2. I get very few. When I do I explain I'm registered with the telephone preference service, say their call is illegal and request they remove my number from their records. Being registered doesn't stop all cold calls, but we get far fewer than we used to.

  3. Whistle....hm, that's painful and surely should be kept for the real pests, the heavy breathers and so on.

    I listen just long enough to hear whether they are a charity. If they're trying to sell me something, I say, "Sorry, not interested" and hang up instantly.

    With the charities, I'll usually listen and at least consider - if it is a reasonable request to help with a flag day I will respond reasonably. If it's a request for money, I ask them to write but I never give over the phone.

    I have refused to give the time of day to chuggers ever since two in a row tried to make me sign up on the spot for a direct debit - a mere donation wasn't NEARLY enough for them and they didn't want to provide any written information about their charity either, I just had to sign up there and then, apparently. Get stuffed, I thought.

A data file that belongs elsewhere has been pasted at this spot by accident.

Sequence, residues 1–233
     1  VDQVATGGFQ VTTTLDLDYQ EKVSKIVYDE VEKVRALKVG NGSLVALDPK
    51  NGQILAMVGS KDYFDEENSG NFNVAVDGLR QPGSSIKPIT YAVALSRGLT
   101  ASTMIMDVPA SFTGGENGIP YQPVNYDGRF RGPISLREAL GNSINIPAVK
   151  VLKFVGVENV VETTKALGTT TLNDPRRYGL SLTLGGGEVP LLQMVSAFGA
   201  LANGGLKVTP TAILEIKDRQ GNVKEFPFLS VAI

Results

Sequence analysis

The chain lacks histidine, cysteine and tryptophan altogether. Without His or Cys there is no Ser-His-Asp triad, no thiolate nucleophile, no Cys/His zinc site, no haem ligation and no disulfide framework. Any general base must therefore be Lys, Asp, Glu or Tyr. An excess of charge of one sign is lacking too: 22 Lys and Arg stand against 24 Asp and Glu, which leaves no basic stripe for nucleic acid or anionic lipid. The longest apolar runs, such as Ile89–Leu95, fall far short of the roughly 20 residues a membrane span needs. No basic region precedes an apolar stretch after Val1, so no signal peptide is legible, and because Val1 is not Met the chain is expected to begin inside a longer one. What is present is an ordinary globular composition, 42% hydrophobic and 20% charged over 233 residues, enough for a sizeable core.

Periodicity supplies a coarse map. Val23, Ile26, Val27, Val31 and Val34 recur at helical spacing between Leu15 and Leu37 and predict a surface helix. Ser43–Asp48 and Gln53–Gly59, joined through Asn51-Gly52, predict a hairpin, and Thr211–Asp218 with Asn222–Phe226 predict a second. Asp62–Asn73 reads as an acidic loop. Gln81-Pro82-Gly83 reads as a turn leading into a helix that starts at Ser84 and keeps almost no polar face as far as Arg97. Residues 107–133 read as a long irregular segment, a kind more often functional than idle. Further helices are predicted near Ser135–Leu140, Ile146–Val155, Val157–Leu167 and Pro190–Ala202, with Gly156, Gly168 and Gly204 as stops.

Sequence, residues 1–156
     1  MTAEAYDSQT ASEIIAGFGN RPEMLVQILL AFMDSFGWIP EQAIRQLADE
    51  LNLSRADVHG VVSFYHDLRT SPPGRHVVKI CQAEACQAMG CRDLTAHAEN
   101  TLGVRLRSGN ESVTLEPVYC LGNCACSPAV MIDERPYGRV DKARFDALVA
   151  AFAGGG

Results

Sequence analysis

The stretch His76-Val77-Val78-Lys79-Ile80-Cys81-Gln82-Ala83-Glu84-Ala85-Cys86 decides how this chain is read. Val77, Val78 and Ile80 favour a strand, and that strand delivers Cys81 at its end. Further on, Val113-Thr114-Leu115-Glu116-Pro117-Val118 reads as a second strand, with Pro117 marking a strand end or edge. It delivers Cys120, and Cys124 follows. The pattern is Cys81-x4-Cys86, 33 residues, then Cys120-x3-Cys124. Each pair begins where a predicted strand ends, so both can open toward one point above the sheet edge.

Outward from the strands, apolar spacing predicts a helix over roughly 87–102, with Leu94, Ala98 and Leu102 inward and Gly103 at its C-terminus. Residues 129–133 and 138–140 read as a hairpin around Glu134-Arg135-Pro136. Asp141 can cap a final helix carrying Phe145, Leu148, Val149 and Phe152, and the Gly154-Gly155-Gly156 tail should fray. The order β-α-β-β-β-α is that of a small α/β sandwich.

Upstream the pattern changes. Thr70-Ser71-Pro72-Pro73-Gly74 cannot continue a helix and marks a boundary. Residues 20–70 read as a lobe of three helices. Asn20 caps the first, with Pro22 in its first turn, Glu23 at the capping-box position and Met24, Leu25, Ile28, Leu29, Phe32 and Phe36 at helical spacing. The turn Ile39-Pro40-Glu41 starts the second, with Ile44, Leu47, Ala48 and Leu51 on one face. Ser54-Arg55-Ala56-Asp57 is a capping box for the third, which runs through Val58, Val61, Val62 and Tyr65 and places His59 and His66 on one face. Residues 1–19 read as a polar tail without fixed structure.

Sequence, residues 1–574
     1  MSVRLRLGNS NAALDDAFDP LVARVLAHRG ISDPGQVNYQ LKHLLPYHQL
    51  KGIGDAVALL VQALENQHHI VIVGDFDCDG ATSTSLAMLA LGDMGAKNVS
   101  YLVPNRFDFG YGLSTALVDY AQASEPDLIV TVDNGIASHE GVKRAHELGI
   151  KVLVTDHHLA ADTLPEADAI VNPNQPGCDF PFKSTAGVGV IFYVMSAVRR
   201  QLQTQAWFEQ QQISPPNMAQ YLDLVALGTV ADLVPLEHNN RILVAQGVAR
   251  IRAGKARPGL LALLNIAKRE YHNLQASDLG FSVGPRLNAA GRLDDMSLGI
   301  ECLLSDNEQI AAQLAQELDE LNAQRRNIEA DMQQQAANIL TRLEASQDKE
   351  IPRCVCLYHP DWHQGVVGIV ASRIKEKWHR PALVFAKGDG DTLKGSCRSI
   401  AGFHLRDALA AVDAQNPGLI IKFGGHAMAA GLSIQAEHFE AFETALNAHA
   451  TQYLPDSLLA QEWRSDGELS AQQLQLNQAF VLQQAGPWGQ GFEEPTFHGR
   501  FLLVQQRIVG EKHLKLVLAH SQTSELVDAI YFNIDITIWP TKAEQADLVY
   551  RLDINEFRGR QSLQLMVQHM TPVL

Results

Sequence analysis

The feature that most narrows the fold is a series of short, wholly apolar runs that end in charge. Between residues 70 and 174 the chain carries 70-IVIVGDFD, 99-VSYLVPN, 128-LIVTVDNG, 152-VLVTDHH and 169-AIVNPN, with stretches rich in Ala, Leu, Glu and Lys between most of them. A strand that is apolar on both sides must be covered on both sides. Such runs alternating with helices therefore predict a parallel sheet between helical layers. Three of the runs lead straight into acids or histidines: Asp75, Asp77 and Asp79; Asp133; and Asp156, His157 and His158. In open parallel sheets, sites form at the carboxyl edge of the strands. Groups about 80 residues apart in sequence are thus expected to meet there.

A dilemma though isn't it, with charities. How are they to get money if they don't pester people?

  4. In Germany, such calls are illegal (in the UK, too?), and because my phone number does not appear in the official directories, I never get such calls.
    When I changed providers, I switched to a telephone and internet provider that let me create my own phone number on the computer, and only those people who I personally have given it to know it.